China COVID-19 shipping crisis set to disrupt mobility sector supply chain until March 2022
Mobility manufacturers in the UK are bracing themselves for more delays in stock being delivered from overseas suppliers with the global container shipping crisis set to continue until March 2022.
An outbreak of COVID-19 in Guangdong province in southern China has caused acute congestion at the region’s ports and caused shipments to be delayed, exacerbating tensions within global supply chains.
The knock-on effects could take many months to resolve, according to industry experts.
Scott McCallum, Import Manager for international supply chain specialist Ligentia told THIIS that the shipment problems are going to lead to increased costs for the end customer.
“Shipping costs in the last 12 months have increased by 1,000 per cent,” Scott commented.
“This is clearly unsustainable, and a lot of importers are having to make a decision whether to ship the goods or not and if the goods are going to sell at the increased costs.
“This is a worldwide issue. There is a lack of available containers, space on vessels and port congestion which is increasing turnaround times on vessels all of which are having an impact on the freight prices.
“I have been in this industry for 29 years and have not experienced such widespread disruption of a sustained period of time and I am expecting this to continue until March 2022.”
Resultant queues in congested ports have led to a massive imbalance of containers across the globe and lack of availability.
The crisis has already caused huge increases in shipping costs, with rates for a typical 40 foot container from China to the UK jumping from £2,000 in early 2020 to £14,500 in June 2021.
The COVID-19 outbreak caused the port in Yantian in Guangdong to close and although it is now re-open it is only operating at 75 per cent capacity, according to industry experts, with average waiting times at the port for vessels to get berthed being 16 days.
This is resulting in carriers omitting Yantian as a port of call or cancelling sailings altogether. The other ports in the area, Nansha and Shekou, are also reported as being unable to cope with the additional volume and the congestion is spreading to these ports as well.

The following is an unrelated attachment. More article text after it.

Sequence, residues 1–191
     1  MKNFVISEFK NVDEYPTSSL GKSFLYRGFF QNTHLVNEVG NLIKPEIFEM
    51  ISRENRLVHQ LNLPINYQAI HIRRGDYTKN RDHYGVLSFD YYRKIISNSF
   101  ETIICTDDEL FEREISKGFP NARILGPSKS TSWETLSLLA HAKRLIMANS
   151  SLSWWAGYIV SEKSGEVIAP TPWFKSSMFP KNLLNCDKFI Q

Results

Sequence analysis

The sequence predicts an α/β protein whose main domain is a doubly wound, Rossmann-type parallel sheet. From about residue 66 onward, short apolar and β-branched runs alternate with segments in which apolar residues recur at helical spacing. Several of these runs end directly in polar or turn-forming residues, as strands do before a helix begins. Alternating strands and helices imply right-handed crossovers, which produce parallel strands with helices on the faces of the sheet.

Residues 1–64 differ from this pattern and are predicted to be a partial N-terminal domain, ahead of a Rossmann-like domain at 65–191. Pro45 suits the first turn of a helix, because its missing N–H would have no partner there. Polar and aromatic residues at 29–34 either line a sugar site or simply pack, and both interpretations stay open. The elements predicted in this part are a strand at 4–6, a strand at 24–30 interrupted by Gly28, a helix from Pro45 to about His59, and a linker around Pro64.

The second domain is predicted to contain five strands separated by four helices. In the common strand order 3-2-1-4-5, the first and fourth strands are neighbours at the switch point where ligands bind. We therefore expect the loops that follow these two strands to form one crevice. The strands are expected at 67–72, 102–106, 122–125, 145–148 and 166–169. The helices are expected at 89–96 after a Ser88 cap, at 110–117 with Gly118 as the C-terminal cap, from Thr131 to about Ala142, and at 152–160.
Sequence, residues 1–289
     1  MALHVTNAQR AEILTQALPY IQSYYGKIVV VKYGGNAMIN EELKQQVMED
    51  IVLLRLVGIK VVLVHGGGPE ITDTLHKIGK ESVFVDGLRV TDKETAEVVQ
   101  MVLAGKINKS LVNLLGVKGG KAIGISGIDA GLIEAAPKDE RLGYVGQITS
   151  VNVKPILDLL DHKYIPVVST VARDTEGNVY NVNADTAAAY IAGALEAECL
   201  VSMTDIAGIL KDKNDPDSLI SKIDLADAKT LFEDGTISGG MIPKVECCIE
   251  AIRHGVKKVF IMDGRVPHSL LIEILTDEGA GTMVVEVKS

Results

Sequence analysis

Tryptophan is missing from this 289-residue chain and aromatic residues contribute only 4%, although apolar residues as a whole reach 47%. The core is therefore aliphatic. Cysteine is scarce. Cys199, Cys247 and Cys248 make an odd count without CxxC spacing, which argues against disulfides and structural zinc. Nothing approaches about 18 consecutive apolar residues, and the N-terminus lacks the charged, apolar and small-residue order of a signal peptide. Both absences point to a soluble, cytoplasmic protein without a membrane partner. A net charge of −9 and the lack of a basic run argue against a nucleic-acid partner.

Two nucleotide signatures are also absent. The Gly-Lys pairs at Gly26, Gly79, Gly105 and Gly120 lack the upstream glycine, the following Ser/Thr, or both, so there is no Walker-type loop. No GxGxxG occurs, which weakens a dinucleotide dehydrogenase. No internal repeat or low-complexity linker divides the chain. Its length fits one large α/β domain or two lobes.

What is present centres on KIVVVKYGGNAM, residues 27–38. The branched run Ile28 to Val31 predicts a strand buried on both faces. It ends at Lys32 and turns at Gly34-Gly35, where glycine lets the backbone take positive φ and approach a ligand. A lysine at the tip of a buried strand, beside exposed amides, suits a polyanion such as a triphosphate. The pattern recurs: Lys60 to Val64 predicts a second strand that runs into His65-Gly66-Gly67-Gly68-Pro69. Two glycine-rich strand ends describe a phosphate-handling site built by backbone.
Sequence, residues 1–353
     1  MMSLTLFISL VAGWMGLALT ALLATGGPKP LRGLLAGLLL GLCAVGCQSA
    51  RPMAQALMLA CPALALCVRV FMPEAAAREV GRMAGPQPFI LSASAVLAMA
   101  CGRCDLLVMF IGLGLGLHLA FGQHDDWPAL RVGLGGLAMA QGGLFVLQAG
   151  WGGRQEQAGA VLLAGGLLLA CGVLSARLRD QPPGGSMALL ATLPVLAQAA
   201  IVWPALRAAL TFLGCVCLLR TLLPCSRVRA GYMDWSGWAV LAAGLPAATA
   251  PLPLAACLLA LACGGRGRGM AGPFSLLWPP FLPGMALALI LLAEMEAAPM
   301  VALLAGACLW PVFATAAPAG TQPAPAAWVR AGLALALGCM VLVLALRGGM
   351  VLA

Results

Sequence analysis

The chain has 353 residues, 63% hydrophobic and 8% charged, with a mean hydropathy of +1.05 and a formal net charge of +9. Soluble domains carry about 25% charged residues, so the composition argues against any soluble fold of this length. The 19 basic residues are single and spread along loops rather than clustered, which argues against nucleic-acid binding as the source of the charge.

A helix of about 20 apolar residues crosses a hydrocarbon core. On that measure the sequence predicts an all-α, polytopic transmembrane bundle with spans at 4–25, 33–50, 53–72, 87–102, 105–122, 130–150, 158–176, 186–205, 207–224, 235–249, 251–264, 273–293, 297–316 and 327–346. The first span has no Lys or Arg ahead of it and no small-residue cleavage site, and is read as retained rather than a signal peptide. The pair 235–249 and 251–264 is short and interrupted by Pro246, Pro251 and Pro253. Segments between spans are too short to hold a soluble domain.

The problems in Guangdong are just the latest in a series of severe setbacks for the industry. Shipping firms have been struggling to cope with dramatic fluctuations in demand triggered by the pandemic, as well as the consequences from the recent blockage of the Suez Canal.
As well as serious implications for people’s health, the COVID-19 pandemic has significantly impacted businesses and the economy. Mike West, Procurement Director for Medequip, recently told THIIS that the pandemic led to an increase in demand for its products and it had to call on its contacts overseas in order to meet these commitments.https://thiis.co.uk/china-covid-19-shipping-crisis-set-to-disrupt-mobility-sector-supply-chain-until-march-2022/https://i0.wp.com/thiis.co.uk/wp-content/uploads/2020/02/Export-container-ship.jpg?fit=900%2C539&ssl=1https://i0.wp.com/thiis.co.uk/wp-content/uploads/2020/02/Export-container-ship.jpg?resize=150%2C150&ssl=1NewsroomSupplier NewsTrade Newscontainers,COVD-19,Mobility,shipping,supplyMobility manufacturers in the UK are bracing themselves for more delays in stock being delivered from overseas suppliers with the global container shipping crisis set to continue until March 2022. An outbreak of COVID-19 in Guangdong province in southern China has caused acute congestion at the region's ports and caused...Liane McIvorLiane McIvorliane@thiis.co.ukAdministratorTHIIS Magazine